What, exactly, is a synopsis and what would you ever need to use one for? In its barest form, a synopsis is an outline of your book. It contains all the major elements of your story and plot. The most basic function a synopsis performs is showing an editor – and yourself, if you can step back far enough to see it – whether or not your plot succeeds.
For the writer, a synopsis helps determine if the requirements of a genre are met, played with, or just plain ignored. For the editor, a synopsis helps determine how well your story flows from one element to the next.
In other words, the earlier you start plotting out a synopsis, the more coherent your finished work will be.
Preparing for the Synopsis
It can be really, really daunting to go about writing a synopsis. The reason for it is simple: we’re too close to our own stories. In order to write an effective synopsis, you need to gain some distance from your story or all the little details we love so much about the story get in the way.
A synopsis is not a sales pitch. It is simply a way of showing how the story develops. We have to leave out a lot of description – instead of saying that “My story, SpellBound, is about a beautiful young woman named Tari Arcamenel who lives in the fantastical, gorgeous city of Relpasuhiel in the land of the Tribes of Kindred” … I could (and should!) boil it down to the essentials and say “SpellBound is the story of Tari Arcamenel. Tari lives in Relpasuhiel, a city in the land of the Tribes of Kindred”.
And, technically speaking, I could boil it down even more.
So … we need to find a way of distancing ourselves from the beauty of our stories. This means preparing to write a synopsis – which can be most easily achieved by answering some basic questions. I’ve included both the basic question and an example answer below. Jot the questions down in a notebook and answer them with your own story in mind.
1. Main Character’s Name?
2. 3-5 Adjectives Describing the Main Character:
young, witch, healer, beautiful, stubborn
3. Main Character’s Goal:
To interpret the secretive pages she carries, in the hope of saving herself and her loved ones from being obliterated.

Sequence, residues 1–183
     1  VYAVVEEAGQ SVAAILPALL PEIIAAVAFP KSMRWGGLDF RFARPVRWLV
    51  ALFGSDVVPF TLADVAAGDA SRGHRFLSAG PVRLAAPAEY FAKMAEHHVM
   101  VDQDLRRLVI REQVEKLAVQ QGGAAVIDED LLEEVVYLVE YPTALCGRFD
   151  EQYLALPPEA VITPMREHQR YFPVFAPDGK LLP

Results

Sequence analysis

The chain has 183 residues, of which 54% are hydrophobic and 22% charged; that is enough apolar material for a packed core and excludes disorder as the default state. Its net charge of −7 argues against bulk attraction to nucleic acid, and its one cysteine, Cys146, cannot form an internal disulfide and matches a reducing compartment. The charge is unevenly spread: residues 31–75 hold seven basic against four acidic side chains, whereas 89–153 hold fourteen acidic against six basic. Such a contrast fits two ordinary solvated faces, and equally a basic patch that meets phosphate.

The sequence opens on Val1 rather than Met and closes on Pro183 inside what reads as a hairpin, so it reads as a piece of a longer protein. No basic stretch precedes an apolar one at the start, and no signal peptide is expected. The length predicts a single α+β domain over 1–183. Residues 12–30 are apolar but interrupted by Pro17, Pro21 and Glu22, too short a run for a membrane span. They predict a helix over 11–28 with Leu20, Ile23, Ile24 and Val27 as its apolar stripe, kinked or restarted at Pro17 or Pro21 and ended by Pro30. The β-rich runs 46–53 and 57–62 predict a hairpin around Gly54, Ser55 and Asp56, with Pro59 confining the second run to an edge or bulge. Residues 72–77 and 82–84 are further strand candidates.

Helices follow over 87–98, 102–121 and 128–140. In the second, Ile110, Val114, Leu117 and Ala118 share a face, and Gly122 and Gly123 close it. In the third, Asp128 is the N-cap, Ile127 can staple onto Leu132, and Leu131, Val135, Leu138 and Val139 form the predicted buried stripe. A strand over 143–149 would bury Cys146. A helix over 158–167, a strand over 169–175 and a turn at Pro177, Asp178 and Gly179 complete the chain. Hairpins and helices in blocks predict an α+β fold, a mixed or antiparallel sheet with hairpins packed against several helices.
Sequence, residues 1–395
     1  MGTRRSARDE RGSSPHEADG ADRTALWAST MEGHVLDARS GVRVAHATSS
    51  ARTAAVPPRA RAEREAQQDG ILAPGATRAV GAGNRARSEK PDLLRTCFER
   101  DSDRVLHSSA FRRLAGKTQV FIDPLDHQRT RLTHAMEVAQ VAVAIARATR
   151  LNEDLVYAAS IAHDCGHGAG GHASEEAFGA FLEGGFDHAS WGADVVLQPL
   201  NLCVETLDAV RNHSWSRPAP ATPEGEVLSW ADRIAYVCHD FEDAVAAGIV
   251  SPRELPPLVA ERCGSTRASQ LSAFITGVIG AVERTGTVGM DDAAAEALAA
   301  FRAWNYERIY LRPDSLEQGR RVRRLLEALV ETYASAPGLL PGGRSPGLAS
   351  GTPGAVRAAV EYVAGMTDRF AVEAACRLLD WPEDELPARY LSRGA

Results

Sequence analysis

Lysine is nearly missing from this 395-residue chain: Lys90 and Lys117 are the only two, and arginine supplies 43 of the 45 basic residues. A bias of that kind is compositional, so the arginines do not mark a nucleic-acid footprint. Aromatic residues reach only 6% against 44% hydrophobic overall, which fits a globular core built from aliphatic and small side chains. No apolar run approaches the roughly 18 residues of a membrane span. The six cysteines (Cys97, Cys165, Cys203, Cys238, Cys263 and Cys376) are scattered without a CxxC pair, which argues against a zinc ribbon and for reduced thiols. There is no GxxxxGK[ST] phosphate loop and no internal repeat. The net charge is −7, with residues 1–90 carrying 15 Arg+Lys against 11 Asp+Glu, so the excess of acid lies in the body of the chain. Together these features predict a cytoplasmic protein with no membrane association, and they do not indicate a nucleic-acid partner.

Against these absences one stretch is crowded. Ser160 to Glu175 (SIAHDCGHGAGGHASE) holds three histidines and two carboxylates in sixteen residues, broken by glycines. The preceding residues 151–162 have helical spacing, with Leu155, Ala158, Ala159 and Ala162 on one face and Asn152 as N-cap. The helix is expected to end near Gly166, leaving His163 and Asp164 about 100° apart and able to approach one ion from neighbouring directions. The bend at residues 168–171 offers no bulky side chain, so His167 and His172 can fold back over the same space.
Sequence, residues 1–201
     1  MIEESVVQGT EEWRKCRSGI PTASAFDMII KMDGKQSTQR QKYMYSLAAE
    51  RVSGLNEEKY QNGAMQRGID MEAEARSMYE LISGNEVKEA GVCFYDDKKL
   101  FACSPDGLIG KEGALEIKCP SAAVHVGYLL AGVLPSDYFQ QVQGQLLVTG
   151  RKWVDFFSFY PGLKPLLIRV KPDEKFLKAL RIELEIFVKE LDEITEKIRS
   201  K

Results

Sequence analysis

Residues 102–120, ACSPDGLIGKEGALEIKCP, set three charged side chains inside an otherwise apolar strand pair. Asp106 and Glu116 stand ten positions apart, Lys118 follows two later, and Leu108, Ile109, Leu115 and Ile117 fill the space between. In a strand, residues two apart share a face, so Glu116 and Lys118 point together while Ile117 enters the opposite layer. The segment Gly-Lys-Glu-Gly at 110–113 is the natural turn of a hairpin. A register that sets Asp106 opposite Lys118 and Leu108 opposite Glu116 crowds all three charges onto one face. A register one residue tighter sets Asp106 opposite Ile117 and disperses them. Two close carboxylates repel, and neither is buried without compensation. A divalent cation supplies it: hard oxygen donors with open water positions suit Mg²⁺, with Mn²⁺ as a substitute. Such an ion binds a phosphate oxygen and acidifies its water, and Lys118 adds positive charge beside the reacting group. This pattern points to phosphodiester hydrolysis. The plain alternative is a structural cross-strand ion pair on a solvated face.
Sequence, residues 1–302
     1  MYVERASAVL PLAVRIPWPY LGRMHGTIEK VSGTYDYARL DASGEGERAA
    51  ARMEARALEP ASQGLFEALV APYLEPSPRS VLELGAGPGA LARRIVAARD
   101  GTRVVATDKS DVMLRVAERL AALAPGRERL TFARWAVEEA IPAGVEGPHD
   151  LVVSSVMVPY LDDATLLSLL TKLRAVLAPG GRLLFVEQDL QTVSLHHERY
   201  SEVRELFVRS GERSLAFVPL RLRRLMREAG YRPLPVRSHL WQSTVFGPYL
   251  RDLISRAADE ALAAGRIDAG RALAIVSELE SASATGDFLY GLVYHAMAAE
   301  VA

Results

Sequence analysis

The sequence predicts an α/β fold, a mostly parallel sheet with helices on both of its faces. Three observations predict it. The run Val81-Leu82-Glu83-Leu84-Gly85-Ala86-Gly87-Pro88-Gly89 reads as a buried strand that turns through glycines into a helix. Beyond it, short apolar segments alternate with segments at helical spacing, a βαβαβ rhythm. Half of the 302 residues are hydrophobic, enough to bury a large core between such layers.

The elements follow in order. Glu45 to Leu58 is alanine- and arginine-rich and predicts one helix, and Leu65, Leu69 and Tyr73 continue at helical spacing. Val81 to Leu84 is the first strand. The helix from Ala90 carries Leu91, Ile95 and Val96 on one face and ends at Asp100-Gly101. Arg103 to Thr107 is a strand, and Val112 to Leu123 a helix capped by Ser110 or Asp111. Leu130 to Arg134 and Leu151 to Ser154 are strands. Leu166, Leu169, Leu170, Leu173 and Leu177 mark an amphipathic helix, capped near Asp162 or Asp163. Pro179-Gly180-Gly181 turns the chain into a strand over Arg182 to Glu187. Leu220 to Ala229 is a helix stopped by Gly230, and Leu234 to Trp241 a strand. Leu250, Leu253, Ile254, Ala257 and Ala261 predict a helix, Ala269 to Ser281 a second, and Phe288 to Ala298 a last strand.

4. How S/he Plans to Achieve Goal:
By teaming up with an Immortal warrior and seeking counsel from a group of people descended from the Fallen Angels.
5. Antagonist’s (Enemy) Name?
6. How Does the Antagonist Complicate Plans?
Leader of a fanatical group intent on retrieving the pages Tari carries, Sidhion will stop at nothing – including outright elimination – to achieve his own goals and suppress the use of magic.
7. Plot Complications:
Tari’s quest to interpret and save places herself and her friends in even more danger, bringing each of them to decisions of sacrifice.
8. Main Character’s Allies & Advantages:
Tari’s friends, Asher and Lin, and the Immortal Adan. In addition to her friends, the very pages putting them in danger are a major advantage, and the ties of love that bind the group together perhaps the biggest advantage of all.
9. What Is Learned (Theme):
Tari learns that to love sometimes means to lose, that risk is often rewarded, and that redemption is earned.
10. How It Ends:
Well, I can’t place my story’s ending here but in your synopsis, don’t hesitate. Don’t try to keep the ending a secret from an editor or agent – they need to know you finish the story in a satisfying manner.
Writing the Synopsis
So now you have all the basic little pieces, but you’ve got to admit it looks really bleak. Boring. No editor or agent wants a bulleted list, they want to know these basic details in a way that also shows off your brilliant writing style and lets them catch a glimpse of your voice.
Alright, so it’s time to take the list and use it to create a brief, dazzling synopsis.
Begin with the bare details you’ve compiled in your list. Type them out without a lot of detail and fluff, just telling the major story elements and giving an idea of each of the pieces you’ve worked out. This shouldn’t amount to more than about 1/2-1 page.
Then it’s time to spice things up with a bit – but not a lot! – of detail. What detail? Here’s a few of the elements that you should include:
1. Story Facts: Start out with the basic facts of the story’s genre, length, and whether it’s a completed novel or a work-in-progress.
2. Launching Event: What causes the main character to move into action? In the story I’ve used as an example, the launching event occurs when an attempt is made on Tari’s life.
3. First Turning Point: What is the first point in the story where things seem different than they did before? Following the same example, the first turning point would be when Tari realizes she has the power to fight back, causing her to dig into how.
4. Second Turning Point: What is the second point in the story where things seem different than before? In my example, this second point comes when Tari is betrayed by Adan, who she has come to have feelings for.
5. Environment: How does the story “feel”? In other words – something about the setting, time period, and carrying themes.
Never add anything to your synopsis that doesn’t affect the main, bare-bones plot and story. The final synopsis should be no more than 2 pages.
And never put too much pressure on yourself – start your synopsis as soon as you start your story, allow yourself to re-write and re-work it as your story develops and grows, and you’ll end up with something that speaks volumes.